Variation of (pore pressure) due to consolidation

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  • #1
tzx9633

Homework Statement


In the last picture , we can see that at time between 0 and infinity , the variation of pore pressure across depth is parabolic curve , why is it so ?

Homework Equations




The Attempt at a Solution


I think it's incorrect . I think it should be linearly decrease with depth . This is because the top part will receive max force from the applied force . The influnece of force decrease with the depth
 

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Answers and Replies

  • #2
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The Attempt at a Solution


I think it's incorrect . I think it should be linearly decrease with depth . This is because the top part will receive max force from the applied force . The influnece of force decrease with the depth
I'm not completely clear what you are saying here. What are you conceiving as the source of the applied force? You have two components: loading from the solid portion of the soil, sediment or rock and loading from the fluid content of the pore space. In an equilibrium situation the solid load is supported by the soil/rock and the fluid load by the pore space content. Both of these are proportional to depth and increase with depth, not decrease, as you appear to suggest.

One of your diagrams looks like the classic model from Terzaghi and Peck's classic paper published 50+ years ago, which describes a non-equilibrium condition and relates to the parabolic curve you have been asked to account for.
 
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  • #3
tzx9633
I'm not completely clear what you are saying here. What are you conceiving as the source of the applied force? You have two components: loading from the solid portion of the soil, sediment or rock and loading from the fluid content of the pore space. In an equilibrium situation the solid load is supported by the soil/rock and the fluid load by the pore space content. Both of these are proportional to depth and increase with depth, not decrease, as you appear to suggest.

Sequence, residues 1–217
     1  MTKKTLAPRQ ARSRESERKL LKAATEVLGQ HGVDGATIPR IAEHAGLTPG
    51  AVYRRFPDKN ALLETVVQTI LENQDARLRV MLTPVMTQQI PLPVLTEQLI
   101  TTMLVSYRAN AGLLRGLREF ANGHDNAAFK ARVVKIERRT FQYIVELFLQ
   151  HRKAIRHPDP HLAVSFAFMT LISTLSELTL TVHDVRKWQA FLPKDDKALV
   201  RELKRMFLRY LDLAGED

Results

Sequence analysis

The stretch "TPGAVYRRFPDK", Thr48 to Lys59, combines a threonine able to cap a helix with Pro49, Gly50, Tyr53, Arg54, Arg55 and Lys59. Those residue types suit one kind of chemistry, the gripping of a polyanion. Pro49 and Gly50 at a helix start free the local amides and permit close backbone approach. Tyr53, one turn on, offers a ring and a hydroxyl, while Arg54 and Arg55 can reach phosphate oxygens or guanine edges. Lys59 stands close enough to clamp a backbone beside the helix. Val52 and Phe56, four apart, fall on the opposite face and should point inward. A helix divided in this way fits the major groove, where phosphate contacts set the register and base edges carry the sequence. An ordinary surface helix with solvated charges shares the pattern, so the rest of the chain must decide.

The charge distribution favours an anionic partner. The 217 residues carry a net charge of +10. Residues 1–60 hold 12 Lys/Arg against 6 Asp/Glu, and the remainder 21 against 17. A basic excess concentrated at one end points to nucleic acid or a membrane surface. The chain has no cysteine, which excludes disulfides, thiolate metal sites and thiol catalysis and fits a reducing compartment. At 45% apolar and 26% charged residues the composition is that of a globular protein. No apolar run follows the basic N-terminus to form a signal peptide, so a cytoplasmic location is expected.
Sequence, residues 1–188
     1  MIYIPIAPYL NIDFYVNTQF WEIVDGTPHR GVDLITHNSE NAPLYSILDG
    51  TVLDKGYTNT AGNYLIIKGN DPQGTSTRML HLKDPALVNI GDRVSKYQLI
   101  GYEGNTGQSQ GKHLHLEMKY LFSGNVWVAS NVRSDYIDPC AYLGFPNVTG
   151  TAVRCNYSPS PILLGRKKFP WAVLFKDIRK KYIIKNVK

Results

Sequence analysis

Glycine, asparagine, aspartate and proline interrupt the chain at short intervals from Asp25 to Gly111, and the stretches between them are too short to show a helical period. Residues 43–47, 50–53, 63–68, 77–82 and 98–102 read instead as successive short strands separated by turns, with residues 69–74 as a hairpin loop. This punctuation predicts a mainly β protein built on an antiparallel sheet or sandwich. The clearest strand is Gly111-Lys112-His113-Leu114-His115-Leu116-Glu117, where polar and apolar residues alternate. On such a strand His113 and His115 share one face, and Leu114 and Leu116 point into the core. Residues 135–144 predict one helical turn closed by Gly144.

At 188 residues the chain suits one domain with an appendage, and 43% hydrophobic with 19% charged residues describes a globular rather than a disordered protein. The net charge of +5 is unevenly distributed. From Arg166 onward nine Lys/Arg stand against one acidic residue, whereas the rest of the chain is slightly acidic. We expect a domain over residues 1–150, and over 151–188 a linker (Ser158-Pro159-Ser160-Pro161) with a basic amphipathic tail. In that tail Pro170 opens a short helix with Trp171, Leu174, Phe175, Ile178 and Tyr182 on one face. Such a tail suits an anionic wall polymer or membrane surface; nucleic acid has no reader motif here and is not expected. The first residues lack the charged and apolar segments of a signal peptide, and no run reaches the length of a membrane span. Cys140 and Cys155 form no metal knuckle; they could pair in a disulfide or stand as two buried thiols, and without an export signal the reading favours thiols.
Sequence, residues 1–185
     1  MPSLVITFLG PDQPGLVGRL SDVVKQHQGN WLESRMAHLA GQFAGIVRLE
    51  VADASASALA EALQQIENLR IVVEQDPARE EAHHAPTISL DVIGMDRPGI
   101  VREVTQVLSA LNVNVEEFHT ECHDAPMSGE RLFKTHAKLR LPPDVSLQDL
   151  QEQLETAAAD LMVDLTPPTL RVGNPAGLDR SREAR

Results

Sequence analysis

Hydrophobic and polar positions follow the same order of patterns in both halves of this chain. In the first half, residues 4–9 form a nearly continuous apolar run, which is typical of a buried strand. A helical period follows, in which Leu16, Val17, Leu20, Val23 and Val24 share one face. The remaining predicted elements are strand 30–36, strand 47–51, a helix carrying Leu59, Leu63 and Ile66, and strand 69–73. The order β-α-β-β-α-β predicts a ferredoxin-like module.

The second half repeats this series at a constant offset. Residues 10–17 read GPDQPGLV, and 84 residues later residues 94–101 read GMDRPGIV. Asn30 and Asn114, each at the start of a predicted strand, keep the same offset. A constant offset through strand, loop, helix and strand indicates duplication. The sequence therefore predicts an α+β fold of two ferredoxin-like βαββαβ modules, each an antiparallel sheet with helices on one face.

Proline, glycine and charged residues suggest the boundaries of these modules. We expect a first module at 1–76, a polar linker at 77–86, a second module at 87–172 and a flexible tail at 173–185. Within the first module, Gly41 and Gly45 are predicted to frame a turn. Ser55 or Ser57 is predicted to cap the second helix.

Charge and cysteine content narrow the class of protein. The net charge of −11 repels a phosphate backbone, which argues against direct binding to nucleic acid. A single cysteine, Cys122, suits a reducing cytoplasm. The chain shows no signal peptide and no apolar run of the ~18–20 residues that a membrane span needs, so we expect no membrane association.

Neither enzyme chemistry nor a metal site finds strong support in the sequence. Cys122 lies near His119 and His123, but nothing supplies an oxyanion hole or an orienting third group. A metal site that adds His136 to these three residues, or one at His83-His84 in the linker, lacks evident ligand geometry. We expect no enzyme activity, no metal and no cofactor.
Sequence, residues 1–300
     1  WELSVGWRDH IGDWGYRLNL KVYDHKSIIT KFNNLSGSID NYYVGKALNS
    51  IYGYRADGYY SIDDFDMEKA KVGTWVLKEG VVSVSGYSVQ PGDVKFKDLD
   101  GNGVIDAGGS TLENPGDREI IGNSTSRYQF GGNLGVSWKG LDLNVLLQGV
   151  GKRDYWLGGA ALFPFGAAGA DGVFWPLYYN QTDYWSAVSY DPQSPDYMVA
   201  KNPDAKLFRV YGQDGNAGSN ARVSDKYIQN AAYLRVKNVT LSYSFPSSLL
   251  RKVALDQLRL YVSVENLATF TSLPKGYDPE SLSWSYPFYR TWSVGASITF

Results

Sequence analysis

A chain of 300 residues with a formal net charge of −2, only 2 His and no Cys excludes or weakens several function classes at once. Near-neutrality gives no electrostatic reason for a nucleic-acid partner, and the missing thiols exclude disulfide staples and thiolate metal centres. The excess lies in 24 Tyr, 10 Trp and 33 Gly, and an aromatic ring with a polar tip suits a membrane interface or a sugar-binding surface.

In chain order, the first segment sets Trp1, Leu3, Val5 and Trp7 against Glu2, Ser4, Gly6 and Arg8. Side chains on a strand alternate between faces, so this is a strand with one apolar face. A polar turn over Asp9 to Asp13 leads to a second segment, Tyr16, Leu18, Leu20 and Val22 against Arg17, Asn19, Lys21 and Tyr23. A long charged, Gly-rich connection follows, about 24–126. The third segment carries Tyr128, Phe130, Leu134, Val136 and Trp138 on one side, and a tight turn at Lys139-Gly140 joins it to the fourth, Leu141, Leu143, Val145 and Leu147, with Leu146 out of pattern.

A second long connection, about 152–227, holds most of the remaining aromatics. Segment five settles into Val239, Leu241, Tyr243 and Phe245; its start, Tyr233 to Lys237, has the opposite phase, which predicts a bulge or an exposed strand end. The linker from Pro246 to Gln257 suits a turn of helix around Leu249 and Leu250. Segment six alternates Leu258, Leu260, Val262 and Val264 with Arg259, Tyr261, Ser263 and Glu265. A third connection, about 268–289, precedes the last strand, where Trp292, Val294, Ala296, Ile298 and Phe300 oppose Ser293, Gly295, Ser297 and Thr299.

One of your diagrams looks like the classic model from Terzaghi and Peck's classic paper published 50+ years ago, which describes a non-equilibrium condition and relates to the parabolic curve you have been asked to account for.
if it's increasign down the depth , why the graph of pore pressure has parabolic shape ? Sholdnt it has a straight line graph ?
 
  • #4
tzx9633
I'm not completely clear what you are saying here. What are you conceiving as the source of the applied force? You have two components: loading from the solid portion of the soil, sediment or rock and loading from the fluid content of the pore space. In an equilibrium situation the solid load is supported by the soil/rock and the fluid load by the pore space content. Both of these are proportional to depth and increase with depth, not decrease, as you appear to suggest.

One of your diagrams looks like the classic model from Terzaghi and Peck's classic paper published 50+ years ago, which describes a non-equilibrium condition and relates to the parabolic curve you have been asked to account for.
Is there anything wrong with the notes ? If so , then , why the graph has parabolic shape ?
 
  • #5
484
269
I need to take a thorough look at all the material. I'll aim to get back to you within 24hours. It would be helpful to know what context this is in. Are you considering soils (which I know little about) or sediments (where I have a pretty solid grounding)?
 
  • #6
tzx9633
I need to take a thorough look at all the material. I'll aim to get back to you within 24hours. It would be helpful to know what context this is in. Are you considering soils (which I know little about) or sediments (where I have a pretty solid grounding)?
Hi , it the soil . Do you have any updates now ?
 

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